PLANT: Shrub, stout, intricately branched, 1-3 m tall, sparingly armed or unarmed, with densely glandular-puberulent foliage, rarely almost glabrous; bark tan to dark gray or brown. LEAVES: spatulate, oblanceolate or obovate, 8-35 mm long, 2-15 mm wide, acute to rounded at apex, in fascicles of 3-6, single in young branches. FLOWERS: pedicels 4-25 mm long, glandular-puberulent (Fig. 2B); calyx tubular (2-)4-8(-10) mm long, 5-lobed, the lobes triangular, mostly less than 1 mm long, rarely 2 mm; corolla tubular to funnelform, deep lavender or violet to white with purple veins, 8-15(-20) mm long, the lobes orbicular to broadly obovate, glabrous to puberulous on adaxial surface, 1/4 to 2/5 the length of the tube, spreading, the margins smooth to densely ciliate; stamens unequal, usually included within the tube or slightly protruding from it; filament-adnation variable, from about middle of corolla-tube to about 1/3 from the base, the filaments glabrous to densely pilose at base of the free portion, the adjacent corolla-tube glabrous or very sparsely pubescent; style about equaling the corolla-tube or slightly exceeding it, sometimes much shorter than the stamens. FRUITS: oblong-ovoid, 5-9 mm long, red, 40-60-seeded. N = 48, 60. NOTES: Lower Sonoran Desert in AZ, in washes and in flats, often in saline soils: all cos. except Coconino, Navajo and Santa Cruz (Fig. 1E); 100-1300 m (300-4300 ft); mainly Jan-Apr, occasionally at other times; CA; Baja C., Baja C. Sur, Son., Mex. REFERENCES: Windham, M.D. And G. Yatskievych. 2009. Vascular Plants of Arizona: Isoëtaceae. CANOTIA 5 (1): 27-29, 2009.
Wiggins 1964, Benson and Darrow 1981, Kearney and Peebles 1969, Chiang 1981, Chiang and Landrum 2009, Nee 2016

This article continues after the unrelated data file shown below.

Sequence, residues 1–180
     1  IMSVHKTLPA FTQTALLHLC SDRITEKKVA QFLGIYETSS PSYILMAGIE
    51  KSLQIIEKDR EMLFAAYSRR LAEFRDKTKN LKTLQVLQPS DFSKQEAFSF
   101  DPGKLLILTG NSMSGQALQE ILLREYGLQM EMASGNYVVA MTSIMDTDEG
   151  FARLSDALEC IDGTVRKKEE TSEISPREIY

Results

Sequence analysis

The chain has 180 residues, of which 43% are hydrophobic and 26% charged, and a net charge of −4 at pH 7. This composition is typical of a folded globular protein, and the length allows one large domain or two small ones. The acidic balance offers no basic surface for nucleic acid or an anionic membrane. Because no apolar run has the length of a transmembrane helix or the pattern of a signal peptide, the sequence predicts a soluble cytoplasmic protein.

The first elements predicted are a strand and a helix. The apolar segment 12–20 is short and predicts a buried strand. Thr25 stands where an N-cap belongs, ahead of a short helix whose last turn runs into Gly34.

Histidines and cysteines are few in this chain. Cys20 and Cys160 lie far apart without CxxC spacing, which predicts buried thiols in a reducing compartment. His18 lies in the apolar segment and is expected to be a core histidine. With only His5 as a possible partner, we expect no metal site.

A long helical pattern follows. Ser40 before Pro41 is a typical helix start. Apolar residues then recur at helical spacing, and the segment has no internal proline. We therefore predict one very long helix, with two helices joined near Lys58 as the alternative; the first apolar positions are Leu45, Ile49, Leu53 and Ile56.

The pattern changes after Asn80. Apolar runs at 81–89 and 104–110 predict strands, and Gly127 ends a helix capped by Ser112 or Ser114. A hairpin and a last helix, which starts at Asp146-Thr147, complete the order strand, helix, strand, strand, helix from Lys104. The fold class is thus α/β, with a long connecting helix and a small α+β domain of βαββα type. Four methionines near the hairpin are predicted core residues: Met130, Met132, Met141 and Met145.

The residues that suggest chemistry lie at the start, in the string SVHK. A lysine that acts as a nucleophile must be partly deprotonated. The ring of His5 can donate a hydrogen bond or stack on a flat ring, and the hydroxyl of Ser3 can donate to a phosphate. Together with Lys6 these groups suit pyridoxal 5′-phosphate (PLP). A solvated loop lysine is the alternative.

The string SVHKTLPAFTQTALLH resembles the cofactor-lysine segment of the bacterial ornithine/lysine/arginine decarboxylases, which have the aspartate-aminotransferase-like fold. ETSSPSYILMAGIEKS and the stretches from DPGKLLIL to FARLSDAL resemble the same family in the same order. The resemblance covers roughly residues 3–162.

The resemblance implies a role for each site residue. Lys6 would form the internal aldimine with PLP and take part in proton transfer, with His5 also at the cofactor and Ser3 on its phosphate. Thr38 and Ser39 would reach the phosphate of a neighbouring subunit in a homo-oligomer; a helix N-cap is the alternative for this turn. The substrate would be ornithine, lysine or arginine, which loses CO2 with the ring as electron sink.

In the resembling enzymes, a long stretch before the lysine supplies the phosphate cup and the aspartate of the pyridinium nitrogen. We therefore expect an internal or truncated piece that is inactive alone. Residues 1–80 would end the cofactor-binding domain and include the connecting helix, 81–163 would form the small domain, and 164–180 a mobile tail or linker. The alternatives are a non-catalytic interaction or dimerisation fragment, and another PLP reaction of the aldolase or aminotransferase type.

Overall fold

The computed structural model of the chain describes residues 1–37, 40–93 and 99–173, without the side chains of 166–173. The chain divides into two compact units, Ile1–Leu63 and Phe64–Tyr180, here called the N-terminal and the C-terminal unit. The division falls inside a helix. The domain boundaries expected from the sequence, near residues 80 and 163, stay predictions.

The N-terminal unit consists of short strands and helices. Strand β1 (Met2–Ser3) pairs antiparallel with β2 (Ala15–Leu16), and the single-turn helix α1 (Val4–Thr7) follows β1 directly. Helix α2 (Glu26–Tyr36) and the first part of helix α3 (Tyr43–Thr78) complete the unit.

Common Name: Fremont's desert-thorn Duration: Perennial Nativity: Native Lifeform: Shrub General: Stout, compact, intricately branched shrub 1-3 m tall; branches unarmed or sparingly armed, the spines 10-15 mm long; bark tan to dark gray or brown; foliage densely glandular-puberulent or occasionally almost glabrous. Leaves: In fascicles of 3-6 leaves, or solitary on young branches; fascicles alternate along the stem; bades spatulate, 8-35 mm long by 2-15 mm wide, acute to rounded at apex. Flowers: On densely glandular-puberulent pedicels, 4-25 mm long, from leaf fascicles; calyx tubular, 2-3 mm in diameter and 4-8 mm long at anthesis, topped with 5 triangular lobes 1 mm long; corolla tubular to funnel-shaped, purple or white with purple veins, the tube 8-15 mm long and 3 mm wide at the apex, hairless on the outside, and topped with 5 rounded lobes, these spreading, 2-6 mm long, with sparsely ciliolate or glabrous edges; stamens unequal in length, the filaments fused to the lowest two-fifths of corolla tube, glabrous or sparingly pilose just above the fused portion. Fruits: Berries ovoid, 5-9 mm long, bright red to black, 40-60-seeded. Ecology: Found in washes and flats, often in saline soils, below 4,500 ft (1372 m); flowers most of year, especially January-March. Distribution: AZ, se CA, nw MEX Notes: Common and often in colonies, an abundant fruit producer in the desert. Look for it especially in low, saline habitats such as playas and wash bottoms. The plant has few thorns; leaves are glandular-hairy; the older, interior bark is dark, while the new growth is grayish to white; the flowers are usually erect and dark purple and the fruit matures to red. Similar to L. exsertum in its glandular-pubescent herbage, but that species has pendulous flowers; filaments which are quite hairy above the attachment point with the corolla; and longer exserted stamens. To tell it apart from L. torreyi, look at the corolla margins; L. torryei-s are densely ciliate with branched hairs which are visible to the naked eye, while this species has sparsely ciliate or hairless corolla margins. Ethnobotany: Berries eaten fresh; dried and eaten like raisins; and mashed to make into a beverage. Etymology: Lycium is from Greek name Lykion, used to describe a thorny tree or shrub; fremontii is named for John C. Fremont (1813-1890), an American explorer. Synonyms: None Editor: SBuckley 2010, AHazelton 2016